WASHINGTON — When the Dallas Cowboys play their first home game Sunday night and unveil their new stadium to a national television audience, the best seats in the house will be in the ultra-exclusive Owners Club.
The suites in that area sold for $500,000 a year, feature an upscale bar, personal guards and private elevator that whisks suite holders from underground parking directly to their section on the Hall of Fame level.
One of the big-money suite holders is a prince who finds himself mired in controversy over his private jet, which is painted in the colors of his beloved Cowboys.
Team owner Jerry Jones will preside over Sunday's game from his suite on the 50-yard line. A suite nearby has been bought by one of the Cowboys’ most ardent fans, Jones’ close friend, Prince Bandar bin Sultan of Saudi Arabia, one of the wealthiest and most powerful men in the world.
Bandar, a national security advisor to the Saudi king, son of the crown prince, and the Saudi ambassador to the United States from 1983 to 2005, has a fanatical love of the Cowboys that dates to his days as a fighter pilot instructor in Texas in the 1970s.
The Saudi Embassy tells the Star-Telegram that Bandar, who is observing the Muslim holy month of Ramadan, now lives in Saudi Arabia and will not be at the game against the New York Giants.
During his time as ambassador, Bandar attended games in Jones' box at Texas Stadium and in Washington, visited the Cowboys' Valley Ranch training facility, gave Jones a silver-and-platinum life-size Cowboys helmet after Super Bowl XXVII, accompanied Jones during at least one critical game down to the sidelines with a large entourage, and hung out post-game in the locker room so many times that many Cowboys players know him simply as "the prince."
Bandar flies around the world in a jet painted in the Cowboys' silver-and-blue colors.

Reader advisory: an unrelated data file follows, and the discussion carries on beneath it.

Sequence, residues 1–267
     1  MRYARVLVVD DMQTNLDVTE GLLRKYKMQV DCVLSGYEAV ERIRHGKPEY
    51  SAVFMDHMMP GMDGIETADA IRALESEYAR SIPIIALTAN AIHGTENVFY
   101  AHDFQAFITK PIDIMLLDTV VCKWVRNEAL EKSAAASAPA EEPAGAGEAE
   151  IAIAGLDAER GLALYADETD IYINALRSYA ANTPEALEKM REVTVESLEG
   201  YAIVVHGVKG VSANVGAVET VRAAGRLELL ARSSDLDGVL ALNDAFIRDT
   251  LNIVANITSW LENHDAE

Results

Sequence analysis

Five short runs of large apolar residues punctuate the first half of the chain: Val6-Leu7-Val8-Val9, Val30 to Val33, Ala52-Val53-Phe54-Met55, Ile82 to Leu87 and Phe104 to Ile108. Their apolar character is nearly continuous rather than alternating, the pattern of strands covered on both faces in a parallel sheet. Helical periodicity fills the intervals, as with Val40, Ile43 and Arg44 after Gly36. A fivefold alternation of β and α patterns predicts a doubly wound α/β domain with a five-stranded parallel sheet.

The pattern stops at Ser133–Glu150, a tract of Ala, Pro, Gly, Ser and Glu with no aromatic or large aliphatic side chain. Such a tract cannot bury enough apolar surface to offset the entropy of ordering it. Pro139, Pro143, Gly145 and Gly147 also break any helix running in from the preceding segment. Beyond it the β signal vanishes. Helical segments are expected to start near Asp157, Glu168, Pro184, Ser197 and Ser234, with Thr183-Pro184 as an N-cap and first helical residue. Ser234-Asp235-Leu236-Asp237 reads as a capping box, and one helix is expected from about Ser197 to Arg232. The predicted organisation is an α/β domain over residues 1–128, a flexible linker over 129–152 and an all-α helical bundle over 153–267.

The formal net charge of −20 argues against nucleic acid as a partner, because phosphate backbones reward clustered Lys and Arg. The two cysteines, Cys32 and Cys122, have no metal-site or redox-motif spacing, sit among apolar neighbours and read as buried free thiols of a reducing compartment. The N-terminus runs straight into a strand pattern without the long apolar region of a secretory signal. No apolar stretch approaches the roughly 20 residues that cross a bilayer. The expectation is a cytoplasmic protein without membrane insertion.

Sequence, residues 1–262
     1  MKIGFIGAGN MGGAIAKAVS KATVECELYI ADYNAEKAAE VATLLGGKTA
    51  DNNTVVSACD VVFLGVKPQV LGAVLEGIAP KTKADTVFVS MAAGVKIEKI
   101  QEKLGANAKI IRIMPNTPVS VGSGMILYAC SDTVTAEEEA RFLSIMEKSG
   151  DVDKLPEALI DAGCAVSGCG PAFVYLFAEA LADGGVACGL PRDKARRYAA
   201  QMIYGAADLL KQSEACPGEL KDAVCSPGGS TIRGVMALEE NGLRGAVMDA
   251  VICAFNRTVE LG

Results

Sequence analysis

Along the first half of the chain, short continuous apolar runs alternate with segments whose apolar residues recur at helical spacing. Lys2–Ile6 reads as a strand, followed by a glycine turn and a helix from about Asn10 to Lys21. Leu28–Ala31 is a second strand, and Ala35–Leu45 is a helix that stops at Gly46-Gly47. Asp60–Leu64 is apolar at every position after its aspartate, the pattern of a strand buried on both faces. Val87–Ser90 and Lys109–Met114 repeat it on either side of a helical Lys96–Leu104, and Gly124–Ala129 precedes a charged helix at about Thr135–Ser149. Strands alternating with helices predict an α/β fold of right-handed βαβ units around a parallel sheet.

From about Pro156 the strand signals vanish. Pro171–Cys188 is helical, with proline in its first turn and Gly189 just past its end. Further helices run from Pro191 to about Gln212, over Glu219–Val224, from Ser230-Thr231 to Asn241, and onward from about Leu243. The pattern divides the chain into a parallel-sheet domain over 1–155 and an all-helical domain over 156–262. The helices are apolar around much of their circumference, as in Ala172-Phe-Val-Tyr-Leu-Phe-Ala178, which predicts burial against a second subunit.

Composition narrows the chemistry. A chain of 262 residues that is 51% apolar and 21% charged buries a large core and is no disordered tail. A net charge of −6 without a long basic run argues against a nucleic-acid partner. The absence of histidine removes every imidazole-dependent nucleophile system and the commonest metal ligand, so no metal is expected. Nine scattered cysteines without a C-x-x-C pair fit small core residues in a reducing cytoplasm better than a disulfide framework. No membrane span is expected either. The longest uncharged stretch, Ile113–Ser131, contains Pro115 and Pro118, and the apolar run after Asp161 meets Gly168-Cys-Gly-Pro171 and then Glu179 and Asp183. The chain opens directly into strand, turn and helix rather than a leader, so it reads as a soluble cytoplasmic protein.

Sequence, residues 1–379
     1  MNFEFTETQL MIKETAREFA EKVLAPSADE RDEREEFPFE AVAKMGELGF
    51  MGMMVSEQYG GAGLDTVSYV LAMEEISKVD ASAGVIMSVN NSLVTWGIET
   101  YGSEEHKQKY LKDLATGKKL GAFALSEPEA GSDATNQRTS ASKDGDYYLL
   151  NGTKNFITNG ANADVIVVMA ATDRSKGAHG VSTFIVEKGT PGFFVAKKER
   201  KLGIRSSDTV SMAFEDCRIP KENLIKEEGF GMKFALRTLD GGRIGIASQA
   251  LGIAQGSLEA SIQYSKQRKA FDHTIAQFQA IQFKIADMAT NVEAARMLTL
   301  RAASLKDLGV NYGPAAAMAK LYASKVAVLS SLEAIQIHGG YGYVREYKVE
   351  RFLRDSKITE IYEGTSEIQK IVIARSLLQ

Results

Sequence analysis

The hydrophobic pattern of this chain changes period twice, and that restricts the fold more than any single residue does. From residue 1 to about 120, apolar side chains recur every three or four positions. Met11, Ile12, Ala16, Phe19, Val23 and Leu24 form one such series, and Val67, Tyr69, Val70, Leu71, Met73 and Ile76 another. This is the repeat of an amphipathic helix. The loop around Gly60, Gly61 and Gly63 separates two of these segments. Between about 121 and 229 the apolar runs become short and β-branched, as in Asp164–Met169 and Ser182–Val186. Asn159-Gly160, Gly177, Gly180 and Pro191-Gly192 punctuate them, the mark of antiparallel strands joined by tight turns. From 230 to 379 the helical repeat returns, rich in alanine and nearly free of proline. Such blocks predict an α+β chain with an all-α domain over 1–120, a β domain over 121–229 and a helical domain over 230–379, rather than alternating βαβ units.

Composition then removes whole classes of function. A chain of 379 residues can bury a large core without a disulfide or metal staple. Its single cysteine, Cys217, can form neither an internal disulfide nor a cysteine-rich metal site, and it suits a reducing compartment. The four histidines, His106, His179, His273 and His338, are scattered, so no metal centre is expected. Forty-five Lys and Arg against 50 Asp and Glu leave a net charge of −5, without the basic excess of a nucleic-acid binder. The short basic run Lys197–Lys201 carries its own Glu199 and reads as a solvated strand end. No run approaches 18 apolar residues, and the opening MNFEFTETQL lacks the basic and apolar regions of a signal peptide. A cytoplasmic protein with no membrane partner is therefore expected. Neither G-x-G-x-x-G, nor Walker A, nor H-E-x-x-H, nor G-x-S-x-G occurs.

But it's the story behind his jet — an Airbus A-340 usually flown by airliners — that is drawing attention today.
Anti-bribery government investigators in the United Kingdom and the U.S. Justice Department are looking into a massive arms deal between the Saudis and British-based BAE Systems that dates back to the 1980s. The deal allegedly included the gift of the Airbus to Bandar on his birthday in 1998 and $2 billion that BAE deposited in Saudi accounts in a Washington bank.
Bandar representatives, including former FBI director Louis Freeh, have denied the bribery allegations. Freeh said on the PBS Frontline program "Black Money" earlier this year that the money was part of an oil-for-jets barter deal, and that the A-340 is a military aircraft registered to the Saudi Air Force and assigned for Bandar’s use.
The U.S. government is looking at the flow of funds under the Foreign Corrupt Practices Act, which gives law enforcement broad jurisdiction over questionable payments of funds and goods to government officials.
Justice Department spokesperson Laura Sweeney said that "the department has not confirmed that investigation," but BAE itself has confirmed that it is being investigated by U.S. and British officials.
"BAE Systems' view is that the interests of the company as well as all of its stakeholders, including the general public, are best served by allowing the ongoing investigations to run their course," spokesman John Neilson told the Star-Telegram in a prepared statement. "The company is working with regulators towards that end and is providing access to people, information and premises whenever requested."
The British investigation into BAE payments to the Saudis was quashed by then-Prime Minister Tony Blair in December 2006 after Bandar complained to him that the corruption probe would damage relations, especially on counterterrorism.